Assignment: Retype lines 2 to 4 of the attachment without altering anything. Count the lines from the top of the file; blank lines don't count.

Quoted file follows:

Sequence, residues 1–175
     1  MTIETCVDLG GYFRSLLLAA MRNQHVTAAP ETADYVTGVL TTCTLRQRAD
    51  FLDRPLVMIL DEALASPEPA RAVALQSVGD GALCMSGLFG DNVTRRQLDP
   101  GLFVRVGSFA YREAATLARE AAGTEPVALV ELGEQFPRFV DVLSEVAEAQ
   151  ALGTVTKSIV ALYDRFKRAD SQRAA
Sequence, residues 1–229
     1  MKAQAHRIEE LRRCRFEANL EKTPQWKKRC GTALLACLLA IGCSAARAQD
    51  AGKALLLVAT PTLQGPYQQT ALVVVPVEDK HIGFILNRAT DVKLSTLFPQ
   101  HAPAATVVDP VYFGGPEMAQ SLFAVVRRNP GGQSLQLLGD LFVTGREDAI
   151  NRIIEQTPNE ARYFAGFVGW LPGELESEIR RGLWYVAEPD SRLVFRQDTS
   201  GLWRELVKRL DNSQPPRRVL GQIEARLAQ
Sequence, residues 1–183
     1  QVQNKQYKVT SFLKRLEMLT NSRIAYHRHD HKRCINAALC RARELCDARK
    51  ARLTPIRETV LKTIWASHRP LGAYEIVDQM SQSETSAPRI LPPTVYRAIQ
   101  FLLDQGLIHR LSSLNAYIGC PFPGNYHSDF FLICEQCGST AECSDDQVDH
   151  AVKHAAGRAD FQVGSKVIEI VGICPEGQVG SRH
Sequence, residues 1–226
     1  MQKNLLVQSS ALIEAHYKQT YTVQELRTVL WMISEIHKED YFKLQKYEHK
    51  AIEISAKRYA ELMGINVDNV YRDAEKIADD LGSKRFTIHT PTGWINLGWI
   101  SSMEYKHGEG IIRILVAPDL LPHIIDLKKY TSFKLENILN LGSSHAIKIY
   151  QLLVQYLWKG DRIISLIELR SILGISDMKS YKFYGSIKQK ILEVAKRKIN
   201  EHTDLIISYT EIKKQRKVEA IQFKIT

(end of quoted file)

     1  MTIETCVDLG GYFRSLLLAA MRNQHVTAAP ETADYVTGVL TTCTLRQRAD
    51  FLDRPLVMIL DEALASPEPA RAVALQSVGD GALCMSGLFG DNVTRRQLDP
   101  GLFVRVGSFA YREAATLARE AAGTEPVALV ELGEQFPRFV DVLSEVAEAQ